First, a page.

The Tucker case stems from 1966, when Debra Tucker was 10 years old and attended the St. Lawrence Parish church in the Diocese of Lafayette-in-Indiana. At the same time, Rick attended St. Mary’s Seminary in the same parish. Between 1966 and 1968, Debra was raped two to four times a month by St. Lawrence’s children’s choir instruction, a lay employee of the church, she alleges. In1968, Tucker had an abortion at the abuser’s behest, and then her family  including Rick, who had no idea what was going on  moved house and the abuse stopped. Debra remained in the area and over the years the abuser painted her house and attended the funerals of both her parents, she alleges.

In July 2000, after Debra discovered that the abuser had also allegedly assaulted his own children, she attended a meeting with Father Tucker, St. Lawrence’s Monsignor Robert Sell and other church officials. She claims that Sell and the church agreed to ensure that the abuser had no further contact with children in the parish and in return she would not sue the church.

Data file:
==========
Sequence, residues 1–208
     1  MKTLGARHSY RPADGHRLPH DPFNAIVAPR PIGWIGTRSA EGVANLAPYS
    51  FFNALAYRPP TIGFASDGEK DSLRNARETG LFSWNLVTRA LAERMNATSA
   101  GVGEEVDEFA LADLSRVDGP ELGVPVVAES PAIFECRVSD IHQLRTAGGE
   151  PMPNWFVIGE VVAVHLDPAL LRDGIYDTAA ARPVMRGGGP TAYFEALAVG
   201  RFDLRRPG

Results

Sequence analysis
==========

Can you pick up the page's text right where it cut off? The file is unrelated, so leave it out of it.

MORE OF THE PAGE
After learning that Sell and the church allegedly did nothing about the man, Debra Tucker sued for breach of contract in a separate case not involving GSK.

The parish dragged its feet over the lawsuit, and as Father Tucker waited for word over whether his employers would settle his sister’s case, he became increasingly anxious. He was also worried about an upcoming audit by the diocese because, the judge wrote, he had “advanced himself some monies” and the Church would discover these “irregularities.”